“Those are not weird, extremist values,” she said. “They are the mainstream underpinnings of America, we don’t always get there but that’s what we are supposed to be going for.”
“This was the first thing I ever organized on such a large scale and there was definitely a moment of, ‘What if no one shows up?’” admitted 24-year-old Kirsten Britain.
While Britain expected 10 or 20 people, the Lander march amassed a crowd of about 350 demonstrators.
A receptionist for the school district, Britain had never participated in a protest before. “Being in a red state and a red town, there are a lot of people saying, ‘This is how it’s going to be and we have to live with it,’” she said. “I decided that I can’t be the only one against Donald Trump—someone who brags about grabbing women by the pussy and says how minority groups are not important.”
Actions like the march, she says, aimed at supporting minorities, hold immeasurable weight in her small town, and in the Cowboy State. “Here in Wyoming, we have people coming from all over to work and Native American groups that bring so much diversity to our country … the message to them is: We support you.”
Britain says the luxuries she enjoys have also given her pause, especially since the election. “I don’t fear being pulled over or being turned down to rent an apartment, for example. Recently a Native American woman was verbally accosted at a restaurant near me. It amazes me that racism like that still exists. So for me, as a white woman, it is my responsibility to make sure that people feel welcome and safe. My parents always taught me, if there is something you can do for other people you should do it.”
A native Wyomingite and Jackson resident for 30 years now living in Pinedale, Joni Mack thought only a few people there might be interested in a women’s march. Instead, 110 people (and eight dogs) proved her wrong.
Mack said many of the marchers were impromptu participants. “People just stopped their cars and got out and started marching with us; there were some junior high boys who stopped what they were doing, a guy on his bicycle who stopped riding to march with us.”
As people waived signs that read, “Honk if you love equality,” Mack says semi truck drivers cruising by obliged with honks of support.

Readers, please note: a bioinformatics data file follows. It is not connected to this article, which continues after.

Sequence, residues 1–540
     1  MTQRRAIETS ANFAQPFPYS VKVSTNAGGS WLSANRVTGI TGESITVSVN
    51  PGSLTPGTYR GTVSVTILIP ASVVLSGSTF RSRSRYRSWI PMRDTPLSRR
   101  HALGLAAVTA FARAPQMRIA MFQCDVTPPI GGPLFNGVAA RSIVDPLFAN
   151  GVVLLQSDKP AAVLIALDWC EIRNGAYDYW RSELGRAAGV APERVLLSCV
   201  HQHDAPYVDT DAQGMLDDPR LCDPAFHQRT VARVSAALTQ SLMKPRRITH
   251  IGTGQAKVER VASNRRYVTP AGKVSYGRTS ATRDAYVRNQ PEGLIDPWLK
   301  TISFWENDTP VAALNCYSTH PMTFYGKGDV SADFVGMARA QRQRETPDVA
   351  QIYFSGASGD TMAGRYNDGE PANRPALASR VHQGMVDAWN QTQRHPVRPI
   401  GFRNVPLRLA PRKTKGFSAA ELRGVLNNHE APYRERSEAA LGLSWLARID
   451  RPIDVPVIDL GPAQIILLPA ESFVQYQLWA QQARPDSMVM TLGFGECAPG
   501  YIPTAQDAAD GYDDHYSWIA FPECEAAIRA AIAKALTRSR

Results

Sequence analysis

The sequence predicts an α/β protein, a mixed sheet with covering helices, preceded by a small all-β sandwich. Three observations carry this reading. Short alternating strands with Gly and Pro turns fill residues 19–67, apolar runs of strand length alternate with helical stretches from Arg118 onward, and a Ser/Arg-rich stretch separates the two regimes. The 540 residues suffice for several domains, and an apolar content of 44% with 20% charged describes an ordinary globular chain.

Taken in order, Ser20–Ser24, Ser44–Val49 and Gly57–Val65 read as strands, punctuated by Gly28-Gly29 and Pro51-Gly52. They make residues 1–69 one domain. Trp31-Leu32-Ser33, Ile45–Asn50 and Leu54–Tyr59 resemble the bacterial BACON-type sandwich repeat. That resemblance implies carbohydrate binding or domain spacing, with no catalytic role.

For Mack, the goal was to raise awareness among her community members that they do have a voice. “During the march I passed out cards with contact info for our national and state reps … and I passed out info on tracking the actions of local officials,” she said.
Harriet Bloom-Wilson comes from a family of activists. A New York native, Wilson’s aunt was a renegade organizer. She was president of the United Retail Workers, one of the first retail unions organized in the U.S.
The Cody march had Wilson’s deft organizing legacy all over it. “We had 17 speakers representing the arts, public education, religious freedom, services for differently abled, women’s rights, healthcare, climate change,” Wilson said.
A retired French professor at Northwest College, Wilson also implemented a way to track the number of people who attended the march. “We handed out safety pins with numbers that identified people as being present at the march.” They ran out of safety pins around No. 480 but people kept coming. Crowd estimates for the march hover around 500.
They also had several sign-in tables to collect people’s information. Initially Wilson and her team thought people would be hesitant to sign up. “But everyone wanted to be recorded,” she said.
Wilson came to Cody 35 years ago with her husband “thinking it would be two years max.” They met as grad students in New Mexico and both got jobs at Northwest College. “We recognized this was a place where you could make a real contribution, much more so than if we stayed in a big city,” she said.
Indeed, for minority populations, small town Wyoming can feel like a scary place sometimes. That’s one reason Wilson remains in the area. “I am Jewish, as one of a handful of Jews in Powell, my destiny became to introduce people to my background and culture,” she said.
But if advocates like Wilson become discouraged by Cowboy State politics and leave Wyoming, she says underrepresented populations would lose more of their voice. Instead, the answer, Wilson believes, is to stay and fight.
“Saturday was one more piece of evidence that people can make their contributions more visible when they are in small communities like ours.” PJH
Jessica Sell Chambers and Augusta Friendsmith contributed reporting to this story.